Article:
That the engine is so much smaller and lighter than its diesel counterpart (1.2 litres, three cylinders, aluminium block versus 1.6 litres, four cylinders and an iron block) also manifests in the Cactus ride and handling, which is not only a touch more settled but also more precise.
The car’s steering is still oddly paced, and lacking in feedback and centre feel – but initial ride control is slightly better than in the diesel, and high-speed directional stability likewise.
You don’t need to correct this car as much as the diesel during a motorway cruise, and don’t find its ride so often disturbed by innocuous-looking lumps and bumps. Somehow, it’s just better sorted.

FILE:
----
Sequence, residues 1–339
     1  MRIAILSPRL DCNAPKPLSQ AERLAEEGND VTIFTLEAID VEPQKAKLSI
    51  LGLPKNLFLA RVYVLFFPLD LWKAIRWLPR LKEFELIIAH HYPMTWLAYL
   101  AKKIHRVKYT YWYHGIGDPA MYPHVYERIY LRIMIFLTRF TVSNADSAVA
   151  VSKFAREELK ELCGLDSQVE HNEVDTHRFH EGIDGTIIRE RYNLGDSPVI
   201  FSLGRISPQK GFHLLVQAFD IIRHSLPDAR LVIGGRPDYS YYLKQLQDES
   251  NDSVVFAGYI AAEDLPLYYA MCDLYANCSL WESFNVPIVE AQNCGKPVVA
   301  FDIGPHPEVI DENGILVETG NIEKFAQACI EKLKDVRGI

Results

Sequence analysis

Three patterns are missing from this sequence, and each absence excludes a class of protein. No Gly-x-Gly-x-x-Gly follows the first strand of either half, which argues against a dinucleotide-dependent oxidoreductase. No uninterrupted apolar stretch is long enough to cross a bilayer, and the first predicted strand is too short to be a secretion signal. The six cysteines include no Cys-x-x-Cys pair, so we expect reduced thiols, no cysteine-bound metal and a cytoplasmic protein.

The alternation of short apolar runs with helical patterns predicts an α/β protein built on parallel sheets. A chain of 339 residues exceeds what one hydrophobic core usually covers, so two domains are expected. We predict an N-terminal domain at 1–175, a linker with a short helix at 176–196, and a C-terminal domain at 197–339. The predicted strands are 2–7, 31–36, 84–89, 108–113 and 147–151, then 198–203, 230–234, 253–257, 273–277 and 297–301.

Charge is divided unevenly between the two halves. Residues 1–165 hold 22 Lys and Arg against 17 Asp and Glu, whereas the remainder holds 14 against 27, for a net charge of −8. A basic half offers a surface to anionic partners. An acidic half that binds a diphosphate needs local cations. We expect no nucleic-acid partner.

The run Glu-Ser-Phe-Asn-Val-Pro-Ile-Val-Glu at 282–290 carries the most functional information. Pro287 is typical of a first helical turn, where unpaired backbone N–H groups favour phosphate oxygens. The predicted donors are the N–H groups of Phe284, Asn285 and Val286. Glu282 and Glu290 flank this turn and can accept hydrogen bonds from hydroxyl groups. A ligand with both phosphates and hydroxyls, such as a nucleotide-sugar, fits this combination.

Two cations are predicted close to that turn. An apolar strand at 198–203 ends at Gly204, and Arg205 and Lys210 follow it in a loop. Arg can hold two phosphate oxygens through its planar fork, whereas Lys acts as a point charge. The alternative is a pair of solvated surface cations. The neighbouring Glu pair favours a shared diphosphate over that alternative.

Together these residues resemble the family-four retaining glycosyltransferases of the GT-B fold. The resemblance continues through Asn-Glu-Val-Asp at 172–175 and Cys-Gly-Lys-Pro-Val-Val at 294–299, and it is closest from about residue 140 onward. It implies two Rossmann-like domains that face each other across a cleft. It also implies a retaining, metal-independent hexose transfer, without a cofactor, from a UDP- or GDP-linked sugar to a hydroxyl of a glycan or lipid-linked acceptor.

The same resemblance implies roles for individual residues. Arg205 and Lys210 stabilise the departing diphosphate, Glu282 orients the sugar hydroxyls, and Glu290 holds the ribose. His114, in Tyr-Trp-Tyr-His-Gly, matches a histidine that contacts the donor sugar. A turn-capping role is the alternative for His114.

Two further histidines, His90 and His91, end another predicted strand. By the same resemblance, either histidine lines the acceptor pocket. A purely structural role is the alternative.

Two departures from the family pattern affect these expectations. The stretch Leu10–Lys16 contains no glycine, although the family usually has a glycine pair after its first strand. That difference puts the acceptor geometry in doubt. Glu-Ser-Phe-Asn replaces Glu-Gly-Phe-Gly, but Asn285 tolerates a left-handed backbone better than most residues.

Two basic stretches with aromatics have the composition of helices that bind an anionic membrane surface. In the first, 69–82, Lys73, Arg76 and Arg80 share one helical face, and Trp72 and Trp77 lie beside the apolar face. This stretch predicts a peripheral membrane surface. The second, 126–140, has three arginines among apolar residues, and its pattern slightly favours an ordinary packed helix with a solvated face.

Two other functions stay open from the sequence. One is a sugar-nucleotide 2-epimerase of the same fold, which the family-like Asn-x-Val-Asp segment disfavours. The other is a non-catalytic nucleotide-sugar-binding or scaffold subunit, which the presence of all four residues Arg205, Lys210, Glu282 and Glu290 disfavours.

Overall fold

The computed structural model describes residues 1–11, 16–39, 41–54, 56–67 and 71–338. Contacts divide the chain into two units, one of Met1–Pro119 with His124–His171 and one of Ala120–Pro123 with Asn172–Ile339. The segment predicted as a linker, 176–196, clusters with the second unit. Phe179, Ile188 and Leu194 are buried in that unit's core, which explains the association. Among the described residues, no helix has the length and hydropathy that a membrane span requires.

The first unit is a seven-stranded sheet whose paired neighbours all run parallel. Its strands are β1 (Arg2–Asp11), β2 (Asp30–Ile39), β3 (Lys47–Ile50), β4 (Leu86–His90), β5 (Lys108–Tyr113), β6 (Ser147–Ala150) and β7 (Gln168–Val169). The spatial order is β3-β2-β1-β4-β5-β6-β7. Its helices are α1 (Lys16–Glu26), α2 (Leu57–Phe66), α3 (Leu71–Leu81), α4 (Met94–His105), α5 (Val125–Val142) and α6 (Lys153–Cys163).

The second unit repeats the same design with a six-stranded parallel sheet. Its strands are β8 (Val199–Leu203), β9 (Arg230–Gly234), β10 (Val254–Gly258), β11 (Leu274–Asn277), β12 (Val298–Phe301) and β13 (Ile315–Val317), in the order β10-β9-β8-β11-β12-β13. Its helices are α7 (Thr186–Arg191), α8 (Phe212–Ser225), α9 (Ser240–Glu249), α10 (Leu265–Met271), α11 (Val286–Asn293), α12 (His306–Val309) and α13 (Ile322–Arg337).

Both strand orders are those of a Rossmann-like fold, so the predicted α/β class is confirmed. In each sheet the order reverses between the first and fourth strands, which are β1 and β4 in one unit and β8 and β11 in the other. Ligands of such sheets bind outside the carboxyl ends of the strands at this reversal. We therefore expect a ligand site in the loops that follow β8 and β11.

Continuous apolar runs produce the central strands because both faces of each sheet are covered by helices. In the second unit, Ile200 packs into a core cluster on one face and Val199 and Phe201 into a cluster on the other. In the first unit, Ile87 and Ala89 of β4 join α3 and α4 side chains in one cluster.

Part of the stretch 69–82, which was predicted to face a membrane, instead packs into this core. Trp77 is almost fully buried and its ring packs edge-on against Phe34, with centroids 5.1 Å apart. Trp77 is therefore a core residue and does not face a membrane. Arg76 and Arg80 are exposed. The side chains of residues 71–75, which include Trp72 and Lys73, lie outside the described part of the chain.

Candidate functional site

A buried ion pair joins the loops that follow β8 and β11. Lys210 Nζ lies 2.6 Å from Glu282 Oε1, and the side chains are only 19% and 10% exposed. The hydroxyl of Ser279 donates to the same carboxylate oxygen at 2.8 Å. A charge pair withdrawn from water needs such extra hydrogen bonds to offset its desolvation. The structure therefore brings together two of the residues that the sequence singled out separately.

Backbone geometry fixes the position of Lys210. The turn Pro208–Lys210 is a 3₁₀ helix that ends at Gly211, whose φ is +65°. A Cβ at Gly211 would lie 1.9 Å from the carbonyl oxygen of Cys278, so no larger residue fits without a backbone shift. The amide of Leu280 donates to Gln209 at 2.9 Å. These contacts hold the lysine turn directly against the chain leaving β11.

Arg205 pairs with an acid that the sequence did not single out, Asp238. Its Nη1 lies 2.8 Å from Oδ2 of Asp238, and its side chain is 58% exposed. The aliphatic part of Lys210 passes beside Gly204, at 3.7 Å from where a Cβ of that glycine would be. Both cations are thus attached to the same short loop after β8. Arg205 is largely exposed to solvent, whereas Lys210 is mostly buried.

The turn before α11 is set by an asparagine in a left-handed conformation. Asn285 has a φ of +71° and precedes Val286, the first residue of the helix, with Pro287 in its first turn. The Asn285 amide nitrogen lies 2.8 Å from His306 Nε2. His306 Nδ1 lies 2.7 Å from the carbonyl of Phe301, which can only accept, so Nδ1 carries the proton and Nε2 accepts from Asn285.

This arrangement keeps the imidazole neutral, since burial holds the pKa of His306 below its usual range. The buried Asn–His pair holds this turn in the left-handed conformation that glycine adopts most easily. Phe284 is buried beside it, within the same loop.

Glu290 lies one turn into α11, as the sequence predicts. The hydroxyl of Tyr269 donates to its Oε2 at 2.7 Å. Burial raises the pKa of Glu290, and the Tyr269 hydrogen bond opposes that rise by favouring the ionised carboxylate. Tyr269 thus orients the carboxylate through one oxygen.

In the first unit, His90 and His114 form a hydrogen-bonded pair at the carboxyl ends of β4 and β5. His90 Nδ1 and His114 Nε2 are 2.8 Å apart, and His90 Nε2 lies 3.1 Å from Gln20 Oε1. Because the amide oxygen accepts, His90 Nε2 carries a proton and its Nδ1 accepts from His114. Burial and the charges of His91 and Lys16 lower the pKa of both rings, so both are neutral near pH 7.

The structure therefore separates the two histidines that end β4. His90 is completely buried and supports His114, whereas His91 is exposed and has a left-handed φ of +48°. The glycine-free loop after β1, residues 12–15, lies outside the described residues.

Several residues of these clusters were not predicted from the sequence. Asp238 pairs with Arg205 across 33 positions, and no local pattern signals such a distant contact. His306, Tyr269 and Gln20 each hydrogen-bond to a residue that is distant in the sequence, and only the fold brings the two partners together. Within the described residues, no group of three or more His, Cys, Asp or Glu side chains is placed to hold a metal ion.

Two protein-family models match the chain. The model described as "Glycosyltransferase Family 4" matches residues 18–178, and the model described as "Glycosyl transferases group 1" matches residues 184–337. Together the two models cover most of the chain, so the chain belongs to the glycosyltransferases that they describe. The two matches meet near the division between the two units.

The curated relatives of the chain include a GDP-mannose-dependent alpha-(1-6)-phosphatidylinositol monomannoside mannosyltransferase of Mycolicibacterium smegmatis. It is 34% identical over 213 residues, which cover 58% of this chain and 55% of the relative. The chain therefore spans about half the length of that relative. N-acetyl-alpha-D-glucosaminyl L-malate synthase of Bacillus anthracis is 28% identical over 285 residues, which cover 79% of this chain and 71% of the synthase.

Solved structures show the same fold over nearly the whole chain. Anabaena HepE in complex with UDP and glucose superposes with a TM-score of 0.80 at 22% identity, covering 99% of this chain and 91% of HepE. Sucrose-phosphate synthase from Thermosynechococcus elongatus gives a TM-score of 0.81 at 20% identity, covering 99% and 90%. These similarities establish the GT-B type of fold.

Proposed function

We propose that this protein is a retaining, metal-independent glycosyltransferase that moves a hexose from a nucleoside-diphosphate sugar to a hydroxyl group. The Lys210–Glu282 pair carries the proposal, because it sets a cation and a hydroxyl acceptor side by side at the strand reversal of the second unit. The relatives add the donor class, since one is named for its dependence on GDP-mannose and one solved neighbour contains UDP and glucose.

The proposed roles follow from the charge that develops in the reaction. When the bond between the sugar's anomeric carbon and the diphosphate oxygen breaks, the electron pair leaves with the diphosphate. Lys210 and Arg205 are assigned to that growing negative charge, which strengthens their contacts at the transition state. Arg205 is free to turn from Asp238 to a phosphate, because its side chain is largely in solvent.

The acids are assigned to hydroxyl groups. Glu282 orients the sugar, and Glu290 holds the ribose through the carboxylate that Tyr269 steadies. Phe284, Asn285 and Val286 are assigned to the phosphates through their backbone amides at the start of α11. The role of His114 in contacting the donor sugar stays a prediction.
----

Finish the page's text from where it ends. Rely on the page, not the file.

Should I buy one?
Instead of the diesel, absolutely. In the grander scheme, there are still plenty of better-driving compact crossovers than this – but with this engine, the Citroën is certainly better-mannered than our road test car.
Considering its innovative, characterful cabin and its ebullient alternative appeal, an acceptable driving experience may be all the Cactus needs to seal the deal – and acceptable, in this guise, would certainly be the way to describe it.
Citroën C4 Cactus Puretech 110 Flair
Price £17,190; 0-62mph 9.3sec; Top speed 117mph; Economy 60.1mpg; CO2 107g/km; Kerbweight 1190kg; Engine 3 cyls in line, 1199cc, turbocharged petrol; Power 108bhp at 5500rpm; Torque 151lb ft at 1500rpm; Gearbox 5-speed manual